Out of sight, out of mind. What to do with the wastewater?
In the second half of the 19th century, conditions in Germany still stank to high heaven. Wastewater, and in some cases even faeces, was routinely disposed of in the gutters. The bodies of surface water received this unpleasant cargo – out of sight, out of mind.
Naturally, some of this wastewater infiltrated into the soil and contaminated the groundwater. In the Emscher-Lippe region, widespread mining subsidence furthermore frequently caused water drainage to fail completely. The results were devastating epidemics. Only an overall plan for the region, which would control wastewater disposal and purification, drainage and flood protection, could sustainably improve the situation for the population along the rivers. In 1899, the EMSCHERGENOSSENSCHAFT took on these Tasks for the Emscher region. The LIPPEVERBAND followed in 1926.
In the course of the mining era, the waterways were expanded into drawn-out, open wastewater collectors, which safely transported away stormwater and wastewater. The risk of epidemic disease was banished. Today, it is possible to keep the wastewater out of the waterways. It is routed to the wastewater Treatment plants through underground sewers. The wastewater-free waterways now have the opportunity for near-natural restructuring. They thus become available again to the population as living elements of a river landscape.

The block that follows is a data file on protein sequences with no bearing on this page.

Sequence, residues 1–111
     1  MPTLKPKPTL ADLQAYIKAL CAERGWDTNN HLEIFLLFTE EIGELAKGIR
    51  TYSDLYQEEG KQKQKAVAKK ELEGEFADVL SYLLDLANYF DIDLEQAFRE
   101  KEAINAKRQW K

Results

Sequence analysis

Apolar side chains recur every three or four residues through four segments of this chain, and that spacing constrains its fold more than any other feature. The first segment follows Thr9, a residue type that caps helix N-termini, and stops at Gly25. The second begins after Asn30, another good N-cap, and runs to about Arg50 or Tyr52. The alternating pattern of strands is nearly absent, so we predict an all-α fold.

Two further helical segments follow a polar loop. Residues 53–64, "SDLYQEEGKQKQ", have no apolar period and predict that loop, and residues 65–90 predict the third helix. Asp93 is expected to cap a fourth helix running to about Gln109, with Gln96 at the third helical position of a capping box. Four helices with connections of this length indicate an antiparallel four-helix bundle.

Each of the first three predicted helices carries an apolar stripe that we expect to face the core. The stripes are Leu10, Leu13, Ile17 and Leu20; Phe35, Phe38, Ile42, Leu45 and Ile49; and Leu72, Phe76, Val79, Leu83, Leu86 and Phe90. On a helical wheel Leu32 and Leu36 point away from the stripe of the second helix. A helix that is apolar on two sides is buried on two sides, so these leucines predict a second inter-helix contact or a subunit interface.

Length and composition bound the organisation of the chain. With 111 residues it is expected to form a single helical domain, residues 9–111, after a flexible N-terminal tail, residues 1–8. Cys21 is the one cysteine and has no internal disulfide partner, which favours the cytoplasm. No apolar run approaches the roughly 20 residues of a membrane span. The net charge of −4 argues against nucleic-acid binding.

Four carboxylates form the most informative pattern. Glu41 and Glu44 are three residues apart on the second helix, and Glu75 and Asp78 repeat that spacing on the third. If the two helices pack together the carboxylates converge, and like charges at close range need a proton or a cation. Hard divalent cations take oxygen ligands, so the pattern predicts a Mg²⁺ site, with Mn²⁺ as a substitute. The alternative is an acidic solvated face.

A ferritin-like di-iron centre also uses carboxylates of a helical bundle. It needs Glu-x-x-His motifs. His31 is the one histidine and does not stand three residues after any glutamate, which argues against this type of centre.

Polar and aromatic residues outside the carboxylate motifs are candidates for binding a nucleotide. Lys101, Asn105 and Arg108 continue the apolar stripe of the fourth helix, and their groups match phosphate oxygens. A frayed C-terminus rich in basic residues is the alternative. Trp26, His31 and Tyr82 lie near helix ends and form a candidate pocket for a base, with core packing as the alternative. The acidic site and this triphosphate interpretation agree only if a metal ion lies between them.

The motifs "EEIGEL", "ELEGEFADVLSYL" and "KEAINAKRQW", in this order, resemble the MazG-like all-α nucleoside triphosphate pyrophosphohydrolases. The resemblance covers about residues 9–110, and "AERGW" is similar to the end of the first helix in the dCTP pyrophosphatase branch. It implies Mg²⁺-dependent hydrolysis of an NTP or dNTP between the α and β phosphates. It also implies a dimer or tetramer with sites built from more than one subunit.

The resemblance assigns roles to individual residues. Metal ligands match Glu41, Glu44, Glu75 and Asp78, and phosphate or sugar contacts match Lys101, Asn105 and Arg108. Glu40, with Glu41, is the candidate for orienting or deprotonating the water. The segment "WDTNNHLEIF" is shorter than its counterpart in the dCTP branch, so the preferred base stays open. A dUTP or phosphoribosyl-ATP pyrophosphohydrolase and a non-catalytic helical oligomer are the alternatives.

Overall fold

What to do with the rainwater?
When it rains, the mixed water sewers of the Emscher and Lippe are filled with rushing water – and the wastewater treatment plants eventually reach the limits of their capacity. Then stormwater overflow basins and sewer overflows prevent the system from collapsing. Equipped with significantly larger diameters than normal sewers, these act as underground buffers for the volumes of mixed water than cannot immediately be processed by the wastewater treatment plants. After the rain stops, the stored water is gradually routed to the wastewater treatment plants.
In the stormwater overflow basins and sewer overflows, the pollutants already begin to settle to the ground. In the event of sustained rain, the heavily diluted and mechanically pre-clarified wastewater can thus be discharged directly into the waterways without excessive contamination.